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Harriet Martineau (1802-1876)

Was born at Gurney Court off Magdalen Street. (The Quaker prison reformer Elizabeth Fry was also born in Gurney Court. Her portrait is on the back of the £5 note.) There are plaques on the wall of the alley way leading into the court commemorating both women.

Gurney Court, Norwich

Gurney Court

Harriet Martineau Portrait

Harriet Martineau

Harriet Martineau Plaque

Harriet Martineau Plaque, Gurney Court, Magdalen Street

Harriett's childhood was blighted by ill heath (deafness) and poverty. Today, she is chiefly remembered for her essays on social reform and her work as a campaigning journalist - however she also wrote moral tales for children. In 1834 she travelled to America and campaigned against the slavery trade - even though this put her own life in danger. In 1837 her book Society in America was published.

In 1845 she settled in the Lake District and became a friend of William Wordsworth.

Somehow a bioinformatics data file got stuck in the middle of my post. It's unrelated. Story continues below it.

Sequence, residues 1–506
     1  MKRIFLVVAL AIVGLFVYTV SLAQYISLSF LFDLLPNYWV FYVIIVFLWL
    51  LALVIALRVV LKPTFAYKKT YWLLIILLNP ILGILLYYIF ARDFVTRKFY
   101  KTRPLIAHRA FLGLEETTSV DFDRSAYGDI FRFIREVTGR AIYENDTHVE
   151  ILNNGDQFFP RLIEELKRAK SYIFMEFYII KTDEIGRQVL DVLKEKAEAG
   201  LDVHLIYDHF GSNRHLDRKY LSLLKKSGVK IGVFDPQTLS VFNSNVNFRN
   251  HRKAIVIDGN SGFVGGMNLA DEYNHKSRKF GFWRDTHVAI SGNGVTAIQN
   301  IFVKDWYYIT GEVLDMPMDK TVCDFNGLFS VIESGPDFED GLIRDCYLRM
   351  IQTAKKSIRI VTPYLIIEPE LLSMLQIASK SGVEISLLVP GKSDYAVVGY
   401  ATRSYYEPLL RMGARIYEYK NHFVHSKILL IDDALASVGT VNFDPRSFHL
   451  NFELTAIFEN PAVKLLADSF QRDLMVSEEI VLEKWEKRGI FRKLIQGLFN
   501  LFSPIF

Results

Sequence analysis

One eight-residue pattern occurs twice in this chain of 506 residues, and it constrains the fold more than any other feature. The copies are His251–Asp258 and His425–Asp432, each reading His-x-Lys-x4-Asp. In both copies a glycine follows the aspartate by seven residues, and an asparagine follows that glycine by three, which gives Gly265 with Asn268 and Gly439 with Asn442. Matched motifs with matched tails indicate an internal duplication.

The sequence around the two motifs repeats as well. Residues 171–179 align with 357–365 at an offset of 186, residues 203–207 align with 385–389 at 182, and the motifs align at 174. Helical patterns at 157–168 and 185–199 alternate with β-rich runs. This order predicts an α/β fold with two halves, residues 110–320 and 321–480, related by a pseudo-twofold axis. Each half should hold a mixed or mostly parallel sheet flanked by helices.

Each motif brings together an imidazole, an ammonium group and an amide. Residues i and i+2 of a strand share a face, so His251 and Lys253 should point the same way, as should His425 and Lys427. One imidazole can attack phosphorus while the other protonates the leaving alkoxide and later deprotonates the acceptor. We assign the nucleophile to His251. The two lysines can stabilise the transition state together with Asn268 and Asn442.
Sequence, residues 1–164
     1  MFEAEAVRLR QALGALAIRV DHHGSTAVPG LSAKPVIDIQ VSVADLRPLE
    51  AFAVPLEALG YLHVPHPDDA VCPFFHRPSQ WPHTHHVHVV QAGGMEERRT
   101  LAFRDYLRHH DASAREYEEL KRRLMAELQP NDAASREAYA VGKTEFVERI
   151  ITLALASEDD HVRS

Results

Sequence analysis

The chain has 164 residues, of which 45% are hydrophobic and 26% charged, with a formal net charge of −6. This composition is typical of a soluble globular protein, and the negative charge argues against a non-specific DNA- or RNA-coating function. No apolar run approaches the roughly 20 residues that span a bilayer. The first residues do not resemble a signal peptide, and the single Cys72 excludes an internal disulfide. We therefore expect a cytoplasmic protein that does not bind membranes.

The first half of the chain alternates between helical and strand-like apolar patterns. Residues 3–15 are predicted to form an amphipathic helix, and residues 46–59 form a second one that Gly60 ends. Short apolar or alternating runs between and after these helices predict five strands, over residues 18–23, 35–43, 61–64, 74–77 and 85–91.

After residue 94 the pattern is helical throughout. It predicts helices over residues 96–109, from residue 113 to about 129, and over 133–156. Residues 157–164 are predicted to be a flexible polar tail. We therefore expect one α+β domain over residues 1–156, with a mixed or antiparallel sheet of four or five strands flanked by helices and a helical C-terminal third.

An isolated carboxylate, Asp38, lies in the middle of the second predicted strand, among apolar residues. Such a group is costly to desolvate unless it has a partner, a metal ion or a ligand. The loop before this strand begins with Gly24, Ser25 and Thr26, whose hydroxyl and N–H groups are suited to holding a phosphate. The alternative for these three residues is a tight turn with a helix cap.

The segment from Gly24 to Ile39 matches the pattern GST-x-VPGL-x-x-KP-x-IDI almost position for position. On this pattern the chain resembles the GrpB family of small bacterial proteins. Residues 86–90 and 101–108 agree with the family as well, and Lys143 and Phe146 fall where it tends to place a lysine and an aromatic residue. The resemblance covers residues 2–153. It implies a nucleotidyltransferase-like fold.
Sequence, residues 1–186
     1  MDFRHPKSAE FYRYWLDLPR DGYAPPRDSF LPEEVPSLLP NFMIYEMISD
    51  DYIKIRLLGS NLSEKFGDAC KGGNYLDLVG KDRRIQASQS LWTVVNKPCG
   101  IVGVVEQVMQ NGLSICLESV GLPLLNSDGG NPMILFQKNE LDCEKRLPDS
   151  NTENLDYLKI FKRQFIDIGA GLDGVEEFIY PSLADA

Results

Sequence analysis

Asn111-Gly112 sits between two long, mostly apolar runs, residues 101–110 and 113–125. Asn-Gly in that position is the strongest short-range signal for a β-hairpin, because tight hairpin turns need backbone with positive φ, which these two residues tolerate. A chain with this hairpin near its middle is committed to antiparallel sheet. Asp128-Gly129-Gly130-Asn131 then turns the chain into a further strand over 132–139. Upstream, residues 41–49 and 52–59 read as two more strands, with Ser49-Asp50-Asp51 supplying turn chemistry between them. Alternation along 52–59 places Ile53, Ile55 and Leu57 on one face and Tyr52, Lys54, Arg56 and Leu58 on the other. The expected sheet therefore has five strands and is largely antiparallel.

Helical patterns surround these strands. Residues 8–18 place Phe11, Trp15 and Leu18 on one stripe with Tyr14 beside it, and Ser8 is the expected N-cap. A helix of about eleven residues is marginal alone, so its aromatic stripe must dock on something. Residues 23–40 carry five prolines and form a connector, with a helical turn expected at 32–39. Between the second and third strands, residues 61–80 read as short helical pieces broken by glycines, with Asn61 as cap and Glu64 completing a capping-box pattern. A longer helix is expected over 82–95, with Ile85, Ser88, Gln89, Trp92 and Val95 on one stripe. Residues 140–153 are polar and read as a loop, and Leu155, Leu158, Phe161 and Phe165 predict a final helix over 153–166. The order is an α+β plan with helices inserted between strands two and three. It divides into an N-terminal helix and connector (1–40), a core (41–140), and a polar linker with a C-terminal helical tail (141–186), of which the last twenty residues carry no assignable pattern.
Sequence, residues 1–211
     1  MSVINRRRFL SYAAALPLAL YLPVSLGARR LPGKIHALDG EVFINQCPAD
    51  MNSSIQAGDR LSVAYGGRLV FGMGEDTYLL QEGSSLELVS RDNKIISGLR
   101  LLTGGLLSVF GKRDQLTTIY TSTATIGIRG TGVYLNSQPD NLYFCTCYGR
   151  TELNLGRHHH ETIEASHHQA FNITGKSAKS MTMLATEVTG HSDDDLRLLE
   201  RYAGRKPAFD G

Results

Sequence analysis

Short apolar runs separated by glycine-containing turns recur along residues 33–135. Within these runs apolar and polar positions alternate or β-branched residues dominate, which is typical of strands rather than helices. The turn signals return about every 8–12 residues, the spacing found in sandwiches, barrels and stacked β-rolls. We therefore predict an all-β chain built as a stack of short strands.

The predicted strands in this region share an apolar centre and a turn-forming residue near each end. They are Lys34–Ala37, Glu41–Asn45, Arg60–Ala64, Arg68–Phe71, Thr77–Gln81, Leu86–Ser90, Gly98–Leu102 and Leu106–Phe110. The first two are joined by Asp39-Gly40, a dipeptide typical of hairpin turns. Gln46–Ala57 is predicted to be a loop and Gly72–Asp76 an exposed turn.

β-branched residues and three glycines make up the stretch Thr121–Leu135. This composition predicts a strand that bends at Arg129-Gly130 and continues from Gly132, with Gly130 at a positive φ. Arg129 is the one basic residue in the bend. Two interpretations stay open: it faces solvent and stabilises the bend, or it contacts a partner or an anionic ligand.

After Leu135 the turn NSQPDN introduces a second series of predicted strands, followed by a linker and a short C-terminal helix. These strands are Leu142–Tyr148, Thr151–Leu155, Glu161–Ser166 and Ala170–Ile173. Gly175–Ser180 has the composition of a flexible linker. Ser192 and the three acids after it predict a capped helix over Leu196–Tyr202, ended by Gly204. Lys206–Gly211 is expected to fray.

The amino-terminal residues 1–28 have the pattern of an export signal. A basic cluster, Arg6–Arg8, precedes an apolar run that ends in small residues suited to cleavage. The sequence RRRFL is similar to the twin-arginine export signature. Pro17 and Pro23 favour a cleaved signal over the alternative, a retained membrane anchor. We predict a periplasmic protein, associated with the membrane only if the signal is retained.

As a child she frequently attended services at the Octagon Chapel on Colegate.  However, later in life she abandoned all religious faith.

Her other published works include: History of the Thirty Years' Peace, The Philosophy of Comte, Laws of Man's Social Nature, Deerbrook (a novel) and The Hour and the Man (a biography of Toussaint L'Ouverture).

Harriet Martineau was almost certainly a product of the radical (dissenting) tradition that prevailed in Norwich. Cut off from the rest of the country, Norwich has always been an independent city fostering non-conformist values. Even today the motto of the county of Norfolk is 'Do Different'.

Unfortunately her link with Norwich has been largely forgotten. Martineau Lane was actually named after here uncle Dr Philip Meadows Martineau.





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